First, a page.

“It’s not so simple,” “It’s not that easy.” I unfortunately hear these words a lot.  I tend to ask a lot of questions that have seemingly easy answers and solutions such as: why is that several countries have free healthcare and we don’t?  Why is that Japan recycles all of their waste, yet we have disgusting mounds of garbage on the Earth?  Why is that commercials and schools preach that going to college will guarantee one a great career, yet those “great careers” never come for most, and those “careers” end up being extremely low-paying jobs for many.  I can go on and on.  And I can keep asking “why?”  But though the solutions may be simple, it will more often than not, tie back to whether or not it will be an inconvenience for someone or if it will mean less money in someone’s pocket.  And it is because of these things that life is not as simple as it used to be.  It is because of these things that life is not as simple as it should be.  So let me ask you: Do you accept it?

“Everyone is the same, and no one is homeless”- A Tanna Tribesman

Peace and Love

Talk of Weather

(Photo Credit: Wikipedia Commons)

Dear Readers,

Ah, the topic of weather.  Do you realize how much the discussion of this topic is part of our daily lives?  I don’t mean in terms of making plans or wearing clothes in accordance with the weather.  I’m talking about it in terms of how it is used as a means of connection and communication.  Whether (no pun intended) it be at the bank, grocery store, or park, the talk of weather is almost always the first, if not only, topic that is discussed.  This happens so often, so on point, and so expected that I sometimes have to stifle a chuckle when I overhear it being talked about or when someone discusses it with me.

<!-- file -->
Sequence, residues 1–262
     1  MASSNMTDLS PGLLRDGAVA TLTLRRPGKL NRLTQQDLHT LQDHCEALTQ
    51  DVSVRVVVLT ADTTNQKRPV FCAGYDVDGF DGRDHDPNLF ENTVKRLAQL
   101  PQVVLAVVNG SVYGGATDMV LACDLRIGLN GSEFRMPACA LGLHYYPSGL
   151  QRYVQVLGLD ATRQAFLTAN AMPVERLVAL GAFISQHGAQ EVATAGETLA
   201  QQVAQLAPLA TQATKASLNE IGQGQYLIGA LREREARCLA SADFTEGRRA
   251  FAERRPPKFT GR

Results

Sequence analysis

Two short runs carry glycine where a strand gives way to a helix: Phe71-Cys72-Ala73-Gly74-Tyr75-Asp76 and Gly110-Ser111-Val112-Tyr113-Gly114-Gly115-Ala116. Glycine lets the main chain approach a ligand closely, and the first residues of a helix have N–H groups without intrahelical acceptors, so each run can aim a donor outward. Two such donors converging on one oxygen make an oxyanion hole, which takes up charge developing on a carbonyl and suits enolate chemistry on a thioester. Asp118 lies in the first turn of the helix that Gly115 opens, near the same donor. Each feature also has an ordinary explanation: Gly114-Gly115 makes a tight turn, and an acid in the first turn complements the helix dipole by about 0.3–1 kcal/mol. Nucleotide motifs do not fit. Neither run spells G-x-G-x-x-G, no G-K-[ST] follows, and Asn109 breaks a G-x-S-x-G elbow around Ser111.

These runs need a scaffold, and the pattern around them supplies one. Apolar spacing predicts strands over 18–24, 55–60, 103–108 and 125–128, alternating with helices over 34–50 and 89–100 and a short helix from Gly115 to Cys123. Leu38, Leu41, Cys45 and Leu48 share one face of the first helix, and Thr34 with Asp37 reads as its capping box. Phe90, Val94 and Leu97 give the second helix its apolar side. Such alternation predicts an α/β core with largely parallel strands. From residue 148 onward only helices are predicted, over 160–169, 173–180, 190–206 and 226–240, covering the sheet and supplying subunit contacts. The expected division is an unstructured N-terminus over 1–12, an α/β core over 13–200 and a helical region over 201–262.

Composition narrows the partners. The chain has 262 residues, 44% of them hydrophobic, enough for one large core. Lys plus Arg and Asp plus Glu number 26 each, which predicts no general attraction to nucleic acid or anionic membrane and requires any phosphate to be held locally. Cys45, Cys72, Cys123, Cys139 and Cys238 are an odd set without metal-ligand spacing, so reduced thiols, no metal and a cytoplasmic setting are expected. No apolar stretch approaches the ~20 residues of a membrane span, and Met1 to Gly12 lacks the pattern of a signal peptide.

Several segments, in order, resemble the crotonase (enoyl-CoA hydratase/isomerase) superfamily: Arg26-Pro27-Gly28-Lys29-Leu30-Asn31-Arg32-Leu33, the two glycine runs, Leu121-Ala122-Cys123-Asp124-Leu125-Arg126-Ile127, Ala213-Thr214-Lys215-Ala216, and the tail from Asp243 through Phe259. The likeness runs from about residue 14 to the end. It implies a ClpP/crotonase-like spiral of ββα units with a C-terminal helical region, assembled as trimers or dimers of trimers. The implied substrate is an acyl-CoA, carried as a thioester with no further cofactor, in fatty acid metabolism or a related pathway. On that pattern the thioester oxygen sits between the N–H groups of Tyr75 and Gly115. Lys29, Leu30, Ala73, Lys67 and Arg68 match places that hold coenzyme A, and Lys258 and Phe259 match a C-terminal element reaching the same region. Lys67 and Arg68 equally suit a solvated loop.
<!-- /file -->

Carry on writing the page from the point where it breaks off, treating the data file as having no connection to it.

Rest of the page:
So, now I ask “why?”  Why isn’t the talk of weather replaced with sports, politics, etc.?  Of course these other topics are discussed, but I seriously believe the weather to be the number one subject discussed among strangers.  I think it is because weather is something that everyone can agree on, relate to, connect with, and understand.  Think about it: We all live under the same sky.  We are all affected by this Godly, almost magical phenomenon called weather.  Isn’t it interesting how something that influences our lives in so many ways is something that can bring us all together, even for one moment?  As far as I know, people aren’t killing each other over disagreements on why the sky is blue and if there is really a pot of gold at the end of rainbows.  Because of this, the subject of weather also signifies safety.  I will say that it can get redundant at times.  I love to talk about sports, but I cannot stand talking about politics, and I still remember giving my 12th grade history teacher the death stare whenever he discussed it.  But if it means interacting with someone and connecting with them in some small way for a brief moment, the topic of weather is fine with me.

Peace and Love

The Power of Language

(Photo Credit: Wikipedia Commons)

Dear Readers,